The influence of sex, genotype, and dose on serum and hippocampal cytokine levels in juvenile mice developmentally exposed to a human-relevant mixture of polychlorinated biphenyls
Published Web Locationhttps://doi.org/10.1016/j.crtox.2020.09.001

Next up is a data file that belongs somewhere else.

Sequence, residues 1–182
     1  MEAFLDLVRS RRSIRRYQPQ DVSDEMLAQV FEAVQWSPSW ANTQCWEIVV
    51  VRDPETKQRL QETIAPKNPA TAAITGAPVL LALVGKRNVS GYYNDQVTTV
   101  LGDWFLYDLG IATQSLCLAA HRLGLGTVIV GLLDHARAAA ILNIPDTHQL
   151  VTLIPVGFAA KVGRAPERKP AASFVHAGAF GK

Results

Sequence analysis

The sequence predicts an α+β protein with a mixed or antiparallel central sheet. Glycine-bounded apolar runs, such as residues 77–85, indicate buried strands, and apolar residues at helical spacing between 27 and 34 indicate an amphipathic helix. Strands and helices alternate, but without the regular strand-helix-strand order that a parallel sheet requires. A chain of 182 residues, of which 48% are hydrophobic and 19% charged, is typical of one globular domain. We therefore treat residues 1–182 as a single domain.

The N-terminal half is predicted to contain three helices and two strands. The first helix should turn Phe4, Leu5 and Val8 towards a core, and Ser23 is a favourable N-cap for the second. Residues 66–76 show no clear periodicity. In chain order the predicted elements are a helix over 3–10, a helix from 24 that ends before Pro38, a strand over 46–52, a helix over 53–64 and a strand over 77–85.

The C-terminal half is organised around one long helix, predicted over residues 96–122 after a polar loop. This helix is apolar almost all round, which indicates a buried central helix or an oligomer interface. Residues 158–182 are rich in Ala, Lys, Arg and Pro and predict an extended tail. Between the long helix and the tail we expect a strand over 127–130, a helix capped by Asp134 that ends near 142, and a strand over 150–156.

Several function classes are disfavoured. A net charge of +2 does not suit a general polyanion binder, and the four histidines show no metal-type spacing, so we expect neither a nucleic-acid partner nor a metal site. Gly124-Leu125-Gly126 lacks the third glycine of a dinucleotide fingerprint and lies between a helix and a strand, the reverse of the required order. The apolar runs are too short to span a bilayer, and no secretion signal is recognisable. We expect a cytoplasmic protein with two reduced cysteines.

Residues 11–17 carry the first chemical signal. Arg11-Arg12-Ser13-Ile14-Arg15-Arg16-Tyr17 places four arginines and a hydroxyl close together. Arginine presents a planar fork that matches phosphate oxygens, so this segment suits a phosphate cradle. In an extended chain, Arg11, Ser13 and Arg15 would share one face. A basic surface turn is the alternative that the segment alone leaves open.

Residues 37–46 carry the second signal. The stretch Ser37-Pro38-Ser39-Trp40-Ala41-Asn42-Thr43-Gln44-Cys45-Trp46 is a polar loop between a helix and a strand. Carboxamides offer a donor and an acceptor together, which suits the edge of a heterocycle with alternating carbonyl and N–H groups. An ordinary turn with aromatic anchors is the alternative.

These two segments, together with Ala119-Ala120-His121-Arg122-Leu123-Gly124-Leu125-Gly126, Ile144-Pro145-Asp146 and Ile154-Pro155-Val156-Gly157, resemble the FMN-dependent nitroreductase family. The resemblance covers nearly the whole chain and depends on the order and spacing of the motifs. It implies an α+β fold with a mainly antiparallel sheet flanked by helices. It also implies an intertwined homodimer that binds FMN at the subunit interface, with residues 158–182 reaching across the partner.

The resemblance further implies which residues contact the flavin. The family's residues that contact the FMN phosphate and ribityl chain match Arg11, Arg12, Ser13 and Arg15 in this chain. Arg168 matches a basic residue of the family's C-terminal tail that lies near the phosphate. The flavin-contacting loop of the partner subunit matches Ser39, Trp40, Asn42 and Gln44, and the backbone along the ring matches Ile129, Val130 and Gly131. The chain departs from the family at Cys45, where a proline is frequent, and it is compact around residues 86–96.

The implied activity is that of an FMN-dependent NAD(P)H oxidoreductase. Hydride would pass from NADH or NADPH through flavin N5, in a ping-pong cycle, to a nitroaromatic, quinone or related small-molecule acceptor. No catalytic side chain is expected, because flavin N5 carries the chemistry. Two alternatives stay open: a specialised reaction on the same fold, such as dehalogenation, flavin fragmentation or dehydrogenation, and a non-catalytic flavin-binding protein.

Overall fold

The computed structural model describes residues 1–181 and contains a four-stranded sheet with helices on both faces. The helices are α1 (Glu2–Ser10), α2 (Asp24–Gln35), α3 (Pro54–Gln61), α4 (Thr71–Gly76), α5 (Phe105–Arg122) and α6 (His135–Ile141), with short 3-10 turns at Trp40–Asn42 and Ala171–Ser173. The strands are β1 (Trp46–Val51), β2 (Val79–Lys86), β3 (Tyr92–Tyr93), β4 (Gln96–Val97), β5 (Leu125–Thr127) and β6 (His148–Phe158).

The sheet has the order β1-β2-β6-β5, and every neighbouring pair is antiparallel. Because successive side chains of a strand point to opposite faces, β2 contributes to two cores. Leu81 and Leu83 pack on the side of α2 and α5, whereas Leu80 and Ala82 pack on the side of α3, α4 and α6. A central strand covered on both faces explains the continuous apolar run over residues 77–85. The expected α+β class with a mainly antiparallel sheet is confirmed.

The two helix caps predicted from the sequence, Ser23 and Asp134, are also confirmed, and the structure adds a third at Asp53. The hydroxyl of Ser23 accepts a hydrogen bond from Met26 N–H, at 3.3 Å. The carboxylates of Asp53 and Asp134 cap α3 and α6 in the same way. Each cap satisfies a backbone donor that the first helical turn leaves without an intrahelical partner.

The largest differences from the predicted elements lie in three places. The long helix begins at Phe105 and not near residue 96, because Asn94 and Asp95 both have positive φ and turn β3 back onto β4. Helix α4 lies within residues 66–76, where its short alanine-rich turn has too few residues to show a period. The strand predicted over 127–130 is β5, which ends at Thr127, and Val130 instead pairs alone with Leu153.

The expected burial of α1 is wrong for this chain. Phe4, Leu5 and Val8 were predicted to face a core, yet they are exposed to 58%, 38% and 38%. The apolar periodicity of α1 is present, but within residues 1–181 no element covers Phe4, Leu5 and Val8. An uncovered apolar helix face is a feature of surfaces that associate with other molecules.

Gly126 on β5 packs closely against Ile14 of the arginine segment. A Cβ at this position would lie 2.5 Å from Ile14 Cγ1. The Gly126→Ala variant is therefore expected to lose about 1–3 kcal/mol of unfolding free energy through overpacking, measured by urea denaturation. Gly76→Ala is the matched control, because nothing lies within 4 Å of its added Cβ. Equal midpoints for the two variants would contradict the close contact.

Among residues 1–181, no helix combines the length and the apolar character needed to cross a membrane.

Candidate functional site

Polychlorinated biphenyls (PCBs) are pervasive environmental contaminants implicated as risk factors for neurodevelopmental disorders (NDDs). Immune dysregulation is another NDD risk factor, and developmental PCB exposures are associated with early life immune dysregulation. Studies of the immunomodulatory effects of PCBs have focused on the higher-chlorinated congeners found in legacy commercial mixtures. Comparatively little is known about the immune effects of contemporary, lower-chlorinated PCBs. This is a critical data gap given recent reports that lower-chlorinated congeners comprise >70% of the total PCB burden in serum of pregnant women enrolled in the MARBLES study who are at increased risk for having a child with an NDD. To examine the influence of PCBs, sex, and genotype on cytokine levels, mice were exposed throughout gestation and lactation to a PCB mixture in the maternal diet, which was based on the 12 most abundant PCBs in sera from MARBLES subjects. Using multiplex array, cytokines were quantified in the serum and hippocampus of weanling mice expressing either a human gain-of-function mutation in ryanodine receptor 1 (T4826I mice), a human CGG premutation repeat expansion in the fragile X mental retardation gene 1 (CGG mice), or both mutations (DM mice). Congenic wildtype (WT) mice were used as controls. There were dose-dependent effects of PCB exposure on cytokine concentrations in the serum but not hippocampus. Differential effects of genotype were observed in the serum and hippocampus. Hippocampal cytokines were consistently elevated in T4826I mice and also in WT animals for some cytokines compared to CGG and DM mice, while serum cytokines were usually elevated in the mutant genotypes compared to the WT group. Males had elevated levels of 19 cytokines in the serum and 4 in the hippocampus compared to females, but there were also interactions between sex and genotype for 7 hippocampal cytokines. Only the chemokine CCL5 in the serum showed an interaction between PCB dose, genotype, and sex. Collectively, these findings indicate differential influences of PCB exposure and genotype on cytokine levels in serum and hippocampal tissue of weanling mice. These results suggest that developmental PCB exposure has chronic effects on baseline serum, but not hippocampal, cytokine levels in juvenile mice.